- Reducing paper-based PHI and establishing a holistic risk management program are critical ways organizations can work toward healthcare PHI data breach prevention, according to Verizon research.
Healthcare is the only industry where insider threats posed the greatest threat to sensitive data, with 58 percent of incidents coming from insiders, the 2018 Protected Health Information Data Breach Report found.
Verizon analyzed 1,368 security incidents across 27 countries, utilizing information from its 2017 Data Breach Investigation Report.
Approximately one-third (33.5 percent) of threat actions were from error, with 29.5 percent coming from misuse. Physical threats (16.3 percent), hacking (14.8 percent), and malware (10.8 percent) were also top threat action categories.
Even with the increased push to digital health records, paper records are causing data security problems for healthcare organizations, the study showed. Hard copy documents were the assets most often involved in incidents involving error.
Of the error incidents involving unintentional actions directly compromising information, 38.2 percent were caused by misdelivery and 17.2 percent stemmed from disposal error.
Employees misusing or abusing their access privileges could also create insider threats. Two-thirds of all incidents involving unapproved or malicious use of organizational resources came from privilege abuse.
Data mis-handling (21.6 percent), possession abuse (16.9 percent), and knowledge abuse (4.2 percent) were also key contributors to data breaches from types of misuse.
“Access to a great deal of sensitive information is necessary for healthcare professionals to successfully carry out their duties,” the research team explained. “But along with that access comes the relatively easy ability to abuse it.”
Ninety-one percent of all malware incidents involved ransomware, research determined.
“Due to HHS regulations, ransomware outbreaks are to be treated as breaches (rather than data at risk) for reporting purposes,” the research team wrote. “That poses the question: is it that healthcare organizations are doing a poor job of preventing ransomware attacks or does it only appear that way because they are required to report them all and other industries aren’t?”
“The answer is probably a little bit of both—it’s only fair to point out that ransomware accounts for a very large percentage of malware in other industries as well,” researchers continued.
Phishing attacks accounted for nearly 70 percent of all social attacks, which is when individuals are specifically targeted to gain access to their data or systems. Pretexting was the second most common type of social engineering attack, accounting for 11.7 percent.
Pretexting is “when the criminal emails, calls or otherwise engages an employee in a conversation with end goals such as duping the employee into providing them with their username and password or other sensitive data,” researchers explained.
There is also room for improvement with regard to the time frame of healthcare data breaches, Verizon found. Approximately one-third of data breach incidents were not discovered for years, with another third of data breaches going undiscovered for months.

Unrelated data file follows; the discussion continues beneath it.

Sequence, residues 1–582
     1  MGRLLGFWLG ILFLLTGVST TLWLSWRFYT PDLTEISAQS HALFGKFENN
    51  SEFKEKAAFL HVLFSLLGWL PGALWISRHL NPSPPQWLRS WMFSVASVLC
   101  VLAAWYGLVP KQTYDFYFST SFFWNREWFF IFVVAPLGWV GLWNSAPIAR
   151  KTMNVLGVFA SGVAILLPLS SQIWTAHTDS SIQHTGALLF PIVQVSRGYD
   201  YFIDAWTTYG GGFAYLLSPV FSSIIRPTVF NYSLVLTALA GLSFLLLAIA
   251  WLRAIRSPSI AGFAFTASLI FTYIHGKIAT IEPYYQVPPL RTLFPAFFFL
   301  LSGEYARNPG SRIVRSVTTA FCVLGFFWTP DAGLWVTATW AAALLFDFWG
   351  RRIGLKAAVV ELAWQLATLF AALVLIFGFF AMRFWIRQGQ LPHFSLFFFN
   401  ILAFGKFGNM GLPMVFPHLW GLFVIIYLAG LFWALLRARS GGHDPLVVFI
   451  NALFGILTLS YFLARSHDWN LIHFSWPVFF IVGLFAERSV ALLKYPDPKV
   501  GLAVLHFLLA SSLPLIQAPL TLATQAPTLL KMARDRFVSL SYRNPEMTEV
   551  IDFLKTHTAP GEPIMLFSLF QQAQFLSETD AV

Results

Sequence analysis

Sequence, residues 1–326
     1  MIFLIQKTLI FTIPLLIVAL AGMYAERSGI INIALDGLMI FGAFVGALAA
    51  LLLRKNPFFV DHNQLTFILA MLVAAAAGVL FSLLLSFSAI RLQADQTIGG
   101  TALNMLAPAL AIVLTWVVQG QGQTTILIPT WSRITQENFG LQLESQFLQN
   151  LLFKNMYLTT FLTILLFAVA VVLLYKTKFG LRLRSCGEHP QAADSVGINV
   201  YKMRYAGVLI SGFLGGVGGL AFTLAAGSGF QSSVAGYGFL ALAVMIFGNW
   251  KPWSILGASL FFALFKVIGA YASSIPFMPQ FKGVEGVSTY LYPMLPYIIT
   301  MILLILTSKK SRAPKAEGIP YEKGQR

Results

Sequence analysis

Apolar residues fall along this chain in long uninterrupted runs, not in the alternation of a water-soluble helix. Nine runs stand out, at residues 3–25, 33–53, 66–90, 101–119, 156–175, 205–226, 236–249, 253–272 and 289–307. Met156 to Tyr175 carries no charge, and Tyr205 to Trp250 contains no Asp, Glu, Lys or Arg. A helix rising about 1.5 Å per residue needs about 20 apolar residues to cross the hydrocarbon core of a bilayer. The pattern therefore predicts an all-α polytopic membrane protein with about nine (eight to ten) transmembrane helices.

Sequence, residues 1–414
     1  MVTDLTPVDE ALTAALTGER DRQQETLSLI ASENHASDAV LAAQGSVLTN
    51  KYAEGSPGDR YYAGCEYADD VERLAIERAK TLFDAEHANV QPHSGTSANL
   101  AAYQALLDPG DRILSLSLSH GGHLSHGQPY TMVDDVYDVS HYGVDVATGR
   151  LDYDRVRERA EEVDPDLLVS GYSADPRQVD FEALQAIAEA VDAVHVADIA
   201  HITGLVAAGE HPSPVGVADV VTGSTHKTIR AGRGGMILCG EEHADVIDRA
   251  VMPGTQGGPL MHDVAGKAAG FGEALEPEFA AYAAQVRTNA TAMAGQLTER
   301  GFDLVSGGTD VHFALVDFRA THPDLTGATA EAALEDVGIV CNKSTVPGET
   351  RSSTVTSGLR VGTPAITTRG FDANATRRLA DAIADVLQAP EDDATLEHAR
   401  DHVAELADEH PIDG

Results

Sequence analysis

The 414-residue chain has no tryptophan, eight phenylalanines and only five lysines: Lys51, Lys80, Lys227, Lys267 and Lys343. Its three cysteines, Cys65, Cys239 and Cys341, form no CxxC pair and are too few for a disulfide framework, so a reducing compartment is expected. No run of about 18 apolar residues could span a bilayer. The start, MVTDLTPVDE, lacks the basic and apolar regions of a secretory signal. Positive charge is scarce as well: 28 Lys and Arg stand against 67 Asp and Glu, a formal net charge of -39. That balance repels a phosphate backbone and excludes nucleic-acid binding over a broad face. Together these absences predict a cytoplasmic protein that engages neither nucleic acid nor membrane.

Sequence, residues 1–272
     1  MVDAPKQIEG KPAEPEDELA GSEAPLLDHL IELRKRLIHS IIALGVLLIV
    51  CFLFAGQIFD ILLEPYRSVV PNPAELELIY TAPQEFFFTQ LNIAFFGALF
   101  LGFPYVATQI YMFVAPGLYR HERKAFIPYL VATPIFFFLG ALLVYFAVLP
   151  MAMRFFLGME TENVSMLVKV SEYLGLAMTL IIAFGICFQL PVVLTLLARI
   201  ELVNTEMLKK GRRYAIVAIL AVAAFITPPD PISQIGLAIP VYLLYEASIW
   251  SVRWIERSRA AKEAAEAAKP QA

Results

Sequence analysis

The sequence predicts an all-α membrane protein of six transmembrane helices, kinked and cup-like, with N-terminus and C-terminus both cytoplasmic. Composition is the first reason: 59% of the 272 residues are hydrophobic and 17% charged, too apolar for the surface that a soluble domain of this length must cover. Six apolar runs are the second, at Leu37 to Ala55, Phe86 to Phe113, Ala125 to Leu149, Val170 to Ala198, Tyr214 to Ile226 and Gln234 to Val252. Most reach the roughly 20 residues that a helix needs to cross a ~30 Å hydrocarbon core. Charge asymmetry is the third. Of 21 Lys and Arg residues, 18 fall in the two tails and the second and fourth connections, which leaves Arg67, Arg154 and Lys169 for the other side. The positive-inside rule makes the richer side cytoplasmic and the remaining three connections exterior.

Healthcare organizations need to have a strong audit process and ensure that they are regularly monitoring and updating access controls, the researchers concluded. This can help give necessary access to the right providers, but also work toward decreasing inappropriate data access or snooping.
“There will always be a balancing act that healthcare security officers must face, but there’s room for reduction of attack surface and internal threat,” the report explained.
A good healthcare risk management program will also need to include current and comprehensive data breach detection measures. Table top exercises, employee training, and reviewing Internet of Things (IoT) security are just a few prevention and detection necessities.
“To initiate [incident response] procedures and checklists, the discovery of a breach must occur,” researchers stated. “Improvements in detection of potential security incidents and/or data breaches are a core component of the overall risk management program.”
OCR also stressed the importance of identity and access management (IAM) policies in its November 2017 Cybersecurity Newsletter. There must be appropriate access to data, with a focus on properly creating and managing user accounts.
Those accounts also need to be terminated at the right time, such as when an employee quits.
“When an employee or other workforce member leaves, it is extremely important that covered entities and business associates prevent unauthorized access to protected health information (PHI) by ensuring that the former workforce member’s access to PHI is effectively terminated,” OCR wrote. “Also make sure that mobile devices like laptops and smartphones are returned, and if the use of ePHI on personally-owned phones or other devices is permitted, that those devices are cleared or purged of ePHI.”
Audit logs are also important for IAM policies, OCR noted. Entities must document whenever access is granted (both physical and electronic) to employees, when individual privileges increase, and when equipment is given to individuals.
“Have standard procedures of all action items to be completed when an individual leaves – these action items could be incorporated into a checklist,” the agency stated. “These should include notification to the IT department or a specific security individual of when an individual should no longer have access to ePHI, when his duties change, he quits, or is fired.”